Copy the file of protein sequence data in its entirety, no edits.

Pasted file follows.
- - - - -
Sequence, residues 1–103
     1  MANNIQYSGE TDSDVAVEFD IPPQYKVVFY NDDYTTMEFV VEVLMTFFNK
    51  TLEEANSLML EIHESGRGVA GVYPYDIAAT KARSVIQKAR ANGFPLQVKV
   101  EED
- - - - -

Sequence, residues 1–103
     1  MANNIQYSGE TDSDVAVEFD IPPQYKVVFY NDDYTTMEFV VEVLMTFFNK
    51  TLEEANSLML EIHESGRGVA GVYPYDIAAT KARSVIQKAR ANGFPLQVKV
   101  EED